The First 10 Copic Markers I would buy

I have been thinking about the things I would like to have known when I started my copic marker collection and the main one was an answer to the question where do I start?  I think I have already partially answered that question with my post on ‘Getting started with Copic Markers’ but I didn’t really address which colours might be a good starting point.

Firstly there is no set formula or list of colours you should start out with  – it really does depend on what you are going to be colouring.  And I want to say again that I am not Copic Certified at the moment, so this is just my thoughts from my experience so far.  I have read somewhere that it is good to get about 30 markers to start with so that you can have a few markers in each of the colour families(ie some greens, some blue greens some yellows, some reds etc), which I can see would be a great start if you were able to get 30 markers to start with but I think most people are not going to just buy 30 markers in the first place, especially if they haven’t been able to try the markers out beforehand.  So what I thought I would do would be to give some advice about where I would have started with my copic marker collection if I had the knowledge that I do now.

Although not essential to have immediately as you can give things a go without it, you will want to get a colourless blender (0) (remember that it acts like an eraser if you colour out of the lines and lightens up your colouring). There are some different effects you can do with it also but I won’t go into that in this post.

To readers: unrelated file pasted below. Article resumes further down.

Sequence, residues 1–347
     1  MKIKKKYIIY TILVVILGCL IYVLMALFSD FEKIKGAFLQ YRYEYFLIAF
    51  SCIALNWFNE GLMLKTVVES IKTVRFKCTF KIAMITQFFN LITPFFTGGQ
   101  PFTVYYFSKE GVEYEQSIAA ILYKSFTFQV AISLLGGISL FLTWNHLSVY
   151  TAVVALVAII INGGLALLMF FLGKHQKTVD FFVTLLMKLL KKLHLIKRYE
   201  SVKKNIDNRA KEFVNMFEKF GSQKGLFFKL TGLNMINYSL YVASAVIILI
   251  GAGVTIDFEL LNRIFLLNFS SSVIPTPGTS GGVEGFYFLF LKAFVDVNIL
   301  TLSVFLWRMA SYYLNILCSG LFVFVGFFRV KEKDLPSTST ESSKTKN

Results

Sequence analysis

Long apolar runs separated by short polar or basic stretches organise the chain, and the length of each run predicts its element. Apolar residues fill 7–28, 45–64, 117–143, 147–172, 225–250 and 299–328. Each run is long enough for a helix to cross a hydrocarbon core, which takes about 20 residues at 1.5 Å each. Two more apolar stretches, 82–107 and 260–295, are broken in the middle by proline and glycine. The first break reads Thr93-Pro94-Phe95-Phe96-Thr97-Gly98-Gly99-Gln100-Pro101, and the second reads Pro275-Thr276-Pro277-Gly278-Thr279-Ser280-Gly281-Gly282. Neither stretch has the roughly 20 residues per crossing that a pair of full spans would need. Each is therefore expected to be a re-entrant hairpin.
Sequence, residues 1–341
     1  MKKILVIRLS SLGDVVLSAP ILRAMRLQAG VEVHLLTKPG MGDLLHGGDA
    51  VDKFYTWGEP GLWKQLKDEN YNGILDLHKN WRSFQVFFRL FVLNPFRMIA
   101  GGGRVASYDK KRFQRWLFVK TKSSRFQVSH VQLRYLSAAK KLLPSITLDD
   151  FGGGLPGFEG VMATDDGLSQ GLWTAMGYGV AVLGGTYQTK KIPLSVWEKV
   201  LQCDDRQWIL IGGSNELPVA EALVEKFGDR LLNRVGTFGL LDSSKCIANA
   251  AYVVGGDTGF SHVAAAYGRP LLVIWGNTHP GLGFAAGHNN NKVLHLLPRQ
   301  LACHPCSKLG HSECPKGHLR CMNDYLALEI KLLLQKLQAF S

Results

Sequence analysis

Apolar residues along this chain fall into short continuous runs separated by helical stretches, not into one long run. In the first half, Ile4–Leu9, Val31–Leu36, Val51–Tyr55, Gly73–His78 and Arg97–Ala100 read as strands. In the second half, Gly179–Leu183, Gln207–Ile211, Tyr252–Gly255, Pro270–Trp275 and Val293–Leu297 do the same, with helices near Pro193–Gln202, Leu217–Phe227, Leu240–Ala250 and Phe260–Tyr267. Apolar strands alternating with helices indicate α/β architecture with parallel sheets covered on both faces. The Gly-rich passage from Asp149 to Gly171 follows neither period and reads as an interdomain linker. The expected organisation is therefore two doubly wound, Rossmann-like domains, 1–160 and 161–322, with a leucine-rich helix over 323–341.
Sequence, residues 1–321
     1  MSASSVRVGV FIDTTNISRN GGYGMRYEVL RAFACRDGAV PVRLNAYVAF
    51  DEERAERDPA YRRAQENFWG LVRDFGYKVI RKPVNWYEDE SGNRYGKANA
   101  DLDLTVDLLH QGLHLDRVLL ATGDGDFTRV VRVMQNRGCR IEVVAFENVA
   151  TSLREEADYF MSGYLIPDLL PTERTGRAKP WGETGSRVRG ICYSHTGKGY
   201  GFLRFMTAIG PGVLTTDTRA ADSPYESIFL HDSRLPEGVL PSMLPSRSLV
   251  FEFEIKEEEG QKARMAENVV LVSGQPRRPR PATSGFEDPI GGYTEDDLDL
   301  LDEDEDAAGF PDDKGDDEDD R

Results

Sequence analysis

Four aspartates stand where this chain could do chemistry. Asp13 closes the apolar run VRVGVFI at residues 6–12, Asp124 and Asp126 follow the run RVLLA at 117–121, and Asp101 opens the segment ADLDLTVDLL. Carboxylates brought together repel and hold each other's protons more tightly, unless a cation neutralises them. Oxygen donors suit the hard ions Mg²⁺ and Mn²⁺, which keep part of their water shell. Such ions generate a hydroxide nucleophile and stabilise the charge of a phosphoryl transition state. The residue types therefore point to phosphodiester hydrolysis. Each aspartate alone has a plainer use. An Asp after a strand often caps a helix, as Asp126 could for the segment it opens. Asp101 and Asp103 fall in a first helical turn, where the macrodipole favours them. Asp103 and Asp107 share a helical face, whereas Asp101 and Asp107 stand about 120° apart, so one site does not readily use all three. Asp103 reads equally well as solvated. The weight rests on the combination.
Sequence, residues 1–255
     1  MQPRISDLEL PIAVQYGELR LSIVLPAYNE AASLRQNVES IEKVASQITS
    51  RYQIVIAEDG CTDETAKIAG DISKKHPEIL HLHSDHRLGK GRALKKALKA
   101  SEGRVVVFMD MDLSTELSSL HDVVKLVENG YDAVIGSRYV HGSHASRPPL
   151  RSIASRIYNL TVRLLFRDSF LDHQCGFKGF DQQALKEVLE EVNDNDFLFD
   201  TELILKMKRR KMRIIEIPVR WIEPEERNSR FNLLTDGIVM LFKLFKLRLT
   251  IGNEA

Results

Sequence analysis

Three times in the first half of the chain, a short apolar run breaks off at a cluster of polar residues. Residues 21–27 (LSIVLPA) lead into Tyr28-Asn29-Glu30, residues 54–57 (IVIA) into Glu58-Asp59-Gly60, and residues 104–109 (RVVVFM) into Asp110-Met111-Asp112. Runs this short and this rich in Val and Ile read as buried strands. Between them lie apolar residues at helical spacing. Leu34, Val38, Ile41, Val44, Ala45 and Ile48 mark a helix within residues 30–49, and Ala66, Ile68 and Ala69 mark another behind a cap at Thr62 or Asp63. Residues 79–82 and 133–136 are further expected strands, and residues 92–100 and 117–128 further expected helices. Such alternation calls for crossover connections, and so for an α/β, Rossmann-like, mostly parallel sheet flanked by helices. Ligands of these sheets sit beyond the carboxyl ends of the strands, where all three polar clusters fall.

I would also start out with a couple of browns, as these colours are useful to colour hair, wood, animal fur, clothing etc.  I would recommend a couple of markers from the following E31 (lightest), E33, E35, E37 (darkest) as I have found these to be easier to colour hair than some of the other browns when I was starting out.  You would need at least 2 of these markers so you can do shading ie E33 and E35 or E35 and E37.  Remember that 3 or 4 markers gives you more shading possibilities and you can add to your collection later.

If you are going to colour people, my favourite skin colours are E000 and E00 to start (and then I use E01 which is a sketch marker and E02 at times also)  But other skin colour combinations for caucasian skin are E50, and E51 and E21 can also be used.    It is also good to have a colour for the cheeks – if you like pink go with R20 or E11 gives a more subtle look and is great for male images.

So far that is 5 markers, not including the colourless blender.

This is where it is going to depend on your favourite colours and what you are wanting to colour.

I would recommend picking up a couple of green markers, as they will do for colouring grass, leaves and clothing.  Then I would recommend getting a couple of markers in the colour you are most likely to use straight away, whether that is red, yellow, blue, pink, purple etc is totally up to you.  If you have a specific question, please feel free to leave me a comment and I will do my best to answer it for you.

Early on, I would also add some grey markers to your collection – I know that doesn’t sound so fun at all.  But the grey markers can be used to desaturate colour (tone it down) which gives you more colour possibilities for the colours you already have, create some shading/depth, for colouring white (C0 and C1) and colouring black (C5, C7, C9).  I will write more about grey markers in another post in the future.

I hope this information is helpful! Happy Colouring!

Kristy

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